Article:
Volume 2, Issue 70 (5-2019)                   J. Med. Plants 2019, 2(70): 73-86 | Back to browse issues page

DOI: 10.29252/jmp.2.70.73


XML Persian Abstract Print


1- M.Sc. in Cellular and Molecular Biology, Department of Biological Sciences, University of Kurdistan, Sanandaj, Kurdistan, Iran
2- Associat Professor in Biochemistry, Department of Biological Sciences, University of Kurdistan, Sanandaj, Kurdistan, Iran , mazarei@uok.ac.ir
Abstract:   (761 Views)
Background: The enzyme tyrosinase is a copper-containing polyphenol oxidase, which is involved in melanogenesis. It catalyzes the conversion of tyrosine to melanin pigments in mammals. Tyrosinase plays an important role in enzymatic browning, which causes discoloration and loss economic value of many plant food products. This enzyme is widely distributed in fungi, higher plants and animals.
Objective: The aim of this study was to determine the tyrosinase inhibitory effect of hexane extracts of different aerial parts of Astragalus vegetus Bungi and Gundelia turnifortii L. Later the kinetics and antioxidant activities of the extracts with the highest inhibitory properties were assessed.
Methods: Aerial parts of the plants were divided to stems, leaves and flowers and air-dried. Hexane extract of each part has obtained by maceration in n-hexane. Inhibitory effects assayed at four different concentrations, using a microplate reader at 492 nm. Kojic acid used as positive control. DPPH method used to determine the antioxidant activities of the extracts and ascorbic acid (positive control). GC/MS device utilized to determine the composition of the extracts.
Results: Main inhibitory activity detected at 1 mg/ml concentration of hexane extract of leaves of Astragalus vegetus Bunge (66.6%), and the leaves and flowers of Gundelia turnifortii L. (71.7 and 68.7 percent respectively). IC50 values for Astragalus vegetus Bungi leaves was 0.5 mg/ml. and for Gundelia turnifortii L. leaves and flowers, were 0.5 and 0.32 mg/ml respectively. Astragalus vegetus Bungi.plant leaves also showed a considerable antioxidant activity. GC/MS analysis of extracts didn't show any reliable result.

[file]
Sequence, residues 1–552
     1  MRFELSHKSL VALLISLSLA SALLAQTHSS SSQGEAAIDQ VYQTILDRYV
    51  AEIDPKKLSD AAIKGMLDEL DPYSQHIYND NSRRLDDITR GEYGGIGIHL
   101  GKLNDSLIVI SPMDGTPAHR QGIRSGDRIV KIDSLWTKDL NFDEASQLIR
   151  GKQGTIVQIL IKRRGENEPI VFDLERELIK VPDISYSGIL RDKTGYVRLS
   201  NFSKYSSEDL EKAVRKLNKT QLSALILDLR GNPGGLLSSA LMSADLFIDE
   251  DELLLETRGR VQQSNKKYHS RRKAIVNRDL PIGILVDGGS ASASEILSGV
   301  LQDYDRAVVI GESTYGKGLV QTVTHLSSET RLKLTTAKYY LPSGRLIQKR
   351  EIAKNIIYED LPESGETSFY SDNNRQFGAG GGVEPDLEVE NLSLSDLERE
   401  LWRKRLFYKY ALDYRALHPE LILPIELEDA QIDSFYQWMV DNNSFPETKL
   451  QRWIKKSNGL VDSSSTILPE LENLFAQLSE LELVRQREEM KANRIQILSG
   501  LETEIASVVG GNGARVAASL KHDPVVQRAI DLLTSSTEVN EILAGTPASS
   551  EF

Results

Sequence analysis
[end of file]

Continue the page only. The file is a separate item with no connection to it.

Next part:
Conclusion: These results suggest that some of the most effective extracts from analyzed plants in this study, may be worthy for further investigation to obtain some new tyrosinase inhibitors with pharmacological applications.
Full-Text [PDF 524 kb]   (434 Downloads)    
Type of Study: Research |
Received: 2017/04/27 | Accepted: 2017/05/5 | Published: 2019/05/26

References
1. Abbasi A.M, Khan M.A, Ahmad M, Zafar M, Jahan S and Sultana S. Ethnopharmacological application of medicinal plants to cure skin diseases and in folk cosmetics among the tribal communities of North-WestFrontier Province. J. Ethnopharmacol. 2010; 128: 322-335. [DOI:10.1016/j.jep.2010.01.052]
2. DeWet H, Nciki S and vanVuuren S.F. Medicinal plants used for the treatment of various skin disorders by a rural community in northern Maputaland. South African Journal of Ethnobiology and Ethnomedicine 2013; 9: 51. [DOI:10.1186/1746-4269-9-51]
3. van Gelder CW, Flurkey WH and Wichers HJ, Sequence and structural features of plant and fungal tyrosinases. Phyto Chem. 1997; 45: 1309-23. [DOI:10.1016/S0031-9422(97)00186-6]
4. Hearing VJ, Determination of melanin synthetic pathways. J. Invest. Dermatol. 2011; 131: 8 - 11. [DOI:10.1038/skinbio.2011.4]
5. Mayer AM, Polyphenol oxidases in plants: recent progress. Phyto Chem. 1987; 26: 11 - 20. [DOI:10.1016/S0031-9422(00)81472-7]
6. Rigal D, Cerny M, Richard-Forget F and Varoquaux P. Polyphenol oxidase by a Carica papaya latex preparation. Int. J. Food Sci. Technol. 2001; 36: 677-84. [DOI:10.1046/j.1365-2621.2001.00498.x]
7. Tripathi R.K, Hearing VJ, Urabe K, Aroca P, and Spritz R.A. Mutational mapping of the catalytic activities of human tyrosinase. J. Biological. 1992; 267: 23707-23712.
8. Schallreuter K U, Hasse S, Rokos H, Chavan B, Shalbaf M and Spencer JD. Cholesterol regulates melanogenesis in human epidermal melanocytes and melanoma cells. Experimental Dermatol. 2009; 18: 680-688. [DOI:10.1111/j.1600-0625.2009.00850.x]
9. Kim YJ and Uyama H. Tyrosinase inhibitors from natural and synthetic sources: structure, inhibition mechanism and perspective for the futur. Cell Mol. Life Sci. 2005; 62: 1707-23. [DOI:10.1007/s00018-005-5054-y]
10. Chang TS. An updated review of tyrosinase inhibitors. Int. J. Mol. Sci. 2009; 10: 2440-75. [DOI:10.3390/ijms10062440]